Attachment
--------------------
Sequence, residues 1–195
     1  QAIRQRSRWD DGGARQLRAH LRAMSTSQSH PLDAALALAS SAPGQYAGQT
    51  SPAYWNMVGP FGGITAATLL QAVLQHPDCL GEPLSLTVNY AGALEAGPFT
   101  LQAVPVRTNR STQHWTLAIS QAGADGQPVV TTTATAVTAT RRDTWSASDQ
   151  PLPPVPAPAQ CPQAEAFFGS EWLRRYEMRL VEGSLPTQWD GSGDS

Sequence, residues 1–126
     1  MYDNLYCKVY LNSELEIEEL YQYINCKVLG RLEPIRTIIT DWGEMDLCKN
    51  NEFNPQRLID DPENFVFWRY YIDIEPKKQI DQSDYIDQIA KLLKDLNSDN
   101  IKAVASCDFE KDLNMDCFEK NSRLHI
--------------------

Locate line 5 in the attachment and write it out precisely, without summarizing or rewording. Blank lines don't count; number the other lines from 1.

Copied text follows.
   151  PLPPVPAPAQ CPQAEAFFGS EWLRRYEMRL VEGSLPTQWD GSGDS